Absolute Counts in Peripheral Blood

Howard Shapiro (hms@shapirolab.com)
Fri, 15 Nov 1996 08:49:23 -0500 (EST)

>We are trying to generate absolute counts for different cell types in the
>peripheral blood of mice. What are your preferred methods?
The major problem with trying to get absolute counts out of most
fluorescence flow cytometers is that they do not provide a measure of the
sample volume flowing through the apparatus. Ortho's Cytoron Absolute,
which uses precision syringe pumps for sample feed, does; you can (or could)
get an accessory for other instruments from Cytek which would add that
capability. An alternative, available from both B-D and Coulter, employs
beads at known concentration which are added to a known volume of sample;
the ratio of cell counts to bead counts provides absolute count information.

It is established that gradient separations cause differential loss of white
cell types; one would also want to avoid washing, since this could also lead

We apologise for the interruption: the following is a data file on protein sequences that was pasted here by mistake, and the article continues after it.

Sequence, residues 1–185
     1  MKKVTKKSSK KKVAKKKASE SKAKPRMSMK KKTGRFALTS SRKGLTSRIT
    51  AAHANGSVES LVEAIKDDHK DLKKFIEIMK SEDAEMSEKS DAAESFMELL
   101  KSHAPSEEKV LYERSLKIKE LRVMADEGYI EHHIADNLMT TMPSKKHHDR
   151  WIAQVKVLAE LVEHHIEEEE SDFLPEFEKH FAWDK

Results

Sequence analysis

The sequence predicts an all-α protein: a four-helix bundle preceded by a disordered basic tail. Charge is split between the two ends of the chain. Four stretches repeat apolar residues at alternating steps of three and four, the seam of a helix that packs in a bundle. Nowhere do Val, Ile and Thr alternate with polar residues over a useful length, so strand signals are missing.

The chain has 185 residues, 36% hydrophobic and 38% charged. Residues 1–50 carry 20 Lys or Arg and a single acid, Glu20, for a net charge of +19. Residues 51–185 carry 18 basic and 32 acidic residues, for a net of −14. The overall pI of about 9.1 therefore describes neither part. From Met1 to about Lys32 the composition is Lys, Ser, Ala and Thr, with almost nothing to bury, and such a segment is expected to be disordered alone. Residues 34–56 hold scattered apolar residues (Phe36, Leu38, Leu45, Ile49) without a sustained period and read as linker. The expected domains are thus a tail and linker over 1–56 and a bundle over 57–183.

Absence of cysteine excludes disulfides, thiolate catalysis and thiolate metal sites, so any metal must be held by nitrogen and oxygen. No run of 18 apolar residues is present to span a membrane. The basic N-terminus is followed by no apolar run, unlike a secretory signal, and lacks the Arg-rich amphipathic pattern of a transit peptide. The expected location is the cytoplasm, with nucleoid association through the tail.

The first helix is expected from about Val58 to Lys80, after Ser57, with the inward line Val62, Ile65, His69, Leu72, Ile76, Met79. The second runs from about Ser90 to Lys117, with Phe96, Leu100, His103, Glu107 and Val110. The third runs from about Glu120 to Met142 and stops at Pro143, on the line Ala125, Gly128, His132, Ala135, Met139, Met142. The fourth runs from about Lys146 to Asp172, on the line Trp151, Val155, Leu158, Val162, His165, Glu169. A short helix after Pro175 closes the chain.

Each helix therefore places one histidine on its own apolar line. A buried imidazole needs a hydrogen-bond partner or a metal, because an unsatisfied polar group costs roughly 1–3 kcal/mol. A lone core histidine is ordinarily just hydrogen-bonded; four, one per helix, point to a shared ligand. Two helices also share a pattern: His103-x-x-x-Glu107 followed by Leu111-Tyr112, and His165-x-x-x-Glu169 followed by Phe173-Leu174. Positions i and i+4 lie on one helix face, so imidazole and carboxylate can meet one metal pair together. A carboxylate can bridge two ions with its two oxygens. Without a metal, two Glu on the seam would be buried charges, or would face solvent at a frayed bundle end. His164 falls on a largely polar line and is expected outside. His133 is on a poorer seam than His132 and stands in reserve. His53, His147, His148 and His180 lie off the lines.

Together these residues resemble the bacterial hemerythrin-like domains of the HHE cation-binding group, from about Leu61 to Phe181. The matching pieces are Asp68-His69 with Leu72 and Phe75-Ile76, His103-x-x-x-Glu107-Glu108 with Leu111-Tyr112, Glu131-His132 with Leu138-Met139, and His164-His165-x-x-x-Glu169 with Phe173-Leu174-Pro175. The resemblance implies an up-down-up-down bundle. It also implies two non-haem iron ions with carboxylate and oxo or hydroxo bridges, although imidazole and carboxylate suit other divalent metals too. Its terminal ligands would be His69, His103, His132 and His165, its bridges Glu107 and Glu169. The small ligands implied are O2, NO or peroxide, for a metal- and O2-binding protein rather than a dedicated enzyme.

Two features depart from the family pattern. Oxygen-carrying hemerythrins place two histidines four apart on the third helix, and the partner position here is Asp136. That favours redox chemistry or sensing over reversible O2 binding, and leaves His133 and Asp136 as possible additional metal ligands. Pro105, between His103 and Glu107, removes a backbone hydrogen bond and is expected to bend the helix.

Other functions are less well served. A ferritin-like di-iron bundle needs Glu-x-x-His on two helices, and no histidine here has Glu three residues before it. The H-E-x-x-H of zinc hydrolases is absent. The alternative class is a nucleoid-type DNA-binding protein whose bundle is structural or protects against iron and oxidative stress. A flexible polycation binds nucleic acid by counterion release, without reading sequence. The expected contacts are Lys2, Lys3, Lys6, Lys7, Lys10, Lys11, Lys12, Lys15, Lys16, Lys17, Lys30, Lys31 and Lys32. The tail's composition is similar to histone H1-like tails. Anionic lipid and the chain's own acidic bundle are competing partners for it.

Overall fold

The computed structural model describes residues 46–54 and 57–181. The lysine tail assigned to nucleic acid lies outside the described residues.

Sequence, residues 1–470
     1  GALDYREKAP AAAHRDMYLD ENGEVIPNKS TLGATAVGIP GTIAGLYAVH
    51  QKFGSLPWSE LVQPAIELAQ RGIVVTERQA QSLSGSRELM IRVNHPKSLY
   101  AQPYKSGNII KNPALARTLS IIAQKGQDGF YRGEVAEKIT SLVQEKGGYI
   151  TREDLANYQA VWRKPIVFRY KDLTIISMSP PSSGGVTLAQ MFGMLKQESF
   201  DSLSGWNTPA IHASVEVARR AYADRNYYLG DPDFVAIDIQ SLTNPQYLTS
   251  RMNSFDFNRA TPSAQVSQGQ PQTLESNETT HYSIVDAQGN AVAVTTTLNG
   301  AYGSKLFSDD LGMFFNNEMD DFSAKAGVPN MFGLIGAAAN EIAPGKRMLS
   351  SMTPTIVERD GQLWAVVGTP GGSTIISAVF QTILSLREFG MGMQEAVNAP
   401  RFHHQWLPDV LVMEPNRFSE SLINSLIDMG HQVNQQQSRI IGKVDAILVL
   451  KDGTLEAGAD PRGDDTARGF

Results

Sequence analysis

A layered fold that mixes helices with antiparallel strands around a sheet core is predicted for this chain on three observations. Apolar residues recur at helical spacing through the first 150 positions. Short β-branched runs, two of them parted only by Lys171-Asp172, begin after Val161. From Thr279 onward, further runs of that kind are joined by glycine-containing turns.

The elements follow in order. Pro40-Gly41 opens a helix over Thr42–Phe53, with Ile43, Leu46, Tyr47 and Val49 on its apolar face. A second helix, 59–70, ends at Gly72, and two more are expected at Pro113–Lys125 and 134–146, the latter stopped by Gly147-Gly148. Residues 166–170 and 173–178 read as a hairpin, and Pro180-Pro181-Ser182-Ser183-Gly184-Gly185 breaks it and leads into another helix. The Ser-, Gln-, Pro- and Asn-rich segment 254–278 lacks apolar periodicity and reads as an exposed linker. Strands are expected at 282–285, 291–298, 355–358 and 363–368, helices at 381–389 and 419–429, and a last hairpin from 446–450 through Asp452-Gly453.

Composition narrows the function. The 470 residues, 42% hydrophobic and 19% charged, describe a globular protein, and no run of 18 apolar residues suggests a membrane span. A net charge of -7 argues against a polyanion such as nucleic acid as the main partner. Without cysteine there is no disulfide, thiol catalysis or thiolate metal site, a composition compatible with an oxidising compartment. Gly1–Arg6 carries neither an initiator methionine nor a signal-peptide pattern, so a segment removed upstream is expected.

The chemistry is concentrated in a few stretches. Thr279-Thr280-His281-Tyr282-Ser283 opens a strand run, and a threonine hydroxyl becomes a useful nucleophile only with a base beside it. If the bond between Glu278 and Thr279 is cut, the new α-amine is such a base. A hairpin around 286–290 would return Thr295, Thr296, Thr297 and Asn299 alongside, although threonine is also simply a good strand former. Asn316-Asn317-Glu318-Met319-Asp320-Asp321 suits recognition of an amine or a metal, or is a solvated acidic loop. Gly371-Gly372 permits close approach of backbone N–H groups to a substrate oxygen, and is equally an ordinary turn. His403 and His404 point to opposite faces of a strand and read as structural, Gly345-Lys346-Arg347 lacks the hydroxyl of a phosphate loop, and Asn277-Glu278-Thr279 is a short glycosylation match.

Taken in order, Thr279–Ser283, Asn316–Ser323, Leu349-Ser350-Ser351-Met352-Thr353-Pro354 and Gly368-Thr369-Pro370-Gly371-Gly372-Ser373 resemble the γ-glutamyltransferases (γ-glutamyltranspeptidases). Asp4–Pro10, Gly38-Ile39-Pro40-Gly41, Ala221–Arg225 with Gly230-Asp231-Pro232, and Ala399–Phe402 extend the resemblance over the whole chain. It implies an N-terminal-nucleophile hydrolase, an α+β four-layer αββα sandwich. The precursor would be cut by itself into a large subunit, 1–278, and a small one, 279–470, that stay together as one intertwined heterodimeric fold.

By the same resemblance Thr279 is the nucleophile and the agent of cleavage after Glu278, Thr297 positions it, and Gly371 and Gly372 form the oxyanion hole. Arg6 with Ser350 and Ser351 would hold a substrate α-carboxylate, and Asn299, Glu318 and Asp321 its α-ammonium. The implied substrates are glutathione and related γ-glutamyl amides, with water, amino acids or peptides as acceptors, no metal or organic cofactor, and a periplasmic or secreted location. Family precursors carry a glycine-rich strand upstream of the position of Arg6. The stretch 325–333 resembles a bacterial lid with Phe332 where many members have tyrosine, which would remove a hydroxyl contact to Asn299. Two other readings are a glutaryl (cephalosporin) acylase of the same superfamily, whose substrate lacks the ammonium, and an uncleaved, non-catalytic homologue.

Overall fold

to differential cell loss.

In clinical hematology systems, sample volume is measured; samples are lysed
but not washed. I'm not sure that there's any published paper examining
diferential cell loss due to lysing agents, because that would require that
a whole-blood counting method be used to determine counts without lysing,
and I'm not aware that any large-scale study comparing whole-blood and
lysing methods has been done. Several non-lysing whole blood counting
methods exist; the oldest is that developed by Adams and Kamentsky in the
1970's using acridine orange in isotonic saline, which gives counts of
lymphocyts, monocytes, and granulocytes, but does not discriminate
eosinophils and basophils. The Block Engineering technology of the
mid-1970's used a mix of fluorescent dyes on glutaraldehyde-fixed cells to
produce a five-part differential, but originally required two- or three-beam
excitation. More recently, (mid 1980's) Leon Terstappen, Mike Loken et al,
then at B-D, described methods using combinations of dyes (Thiazole orange
and LDS751) and monoclonals to provide multipart differentials including
retic counts. Various modifications, permutations and combinations of the
above methods are workable; which one is best for you depends on which cell
types you need to count.


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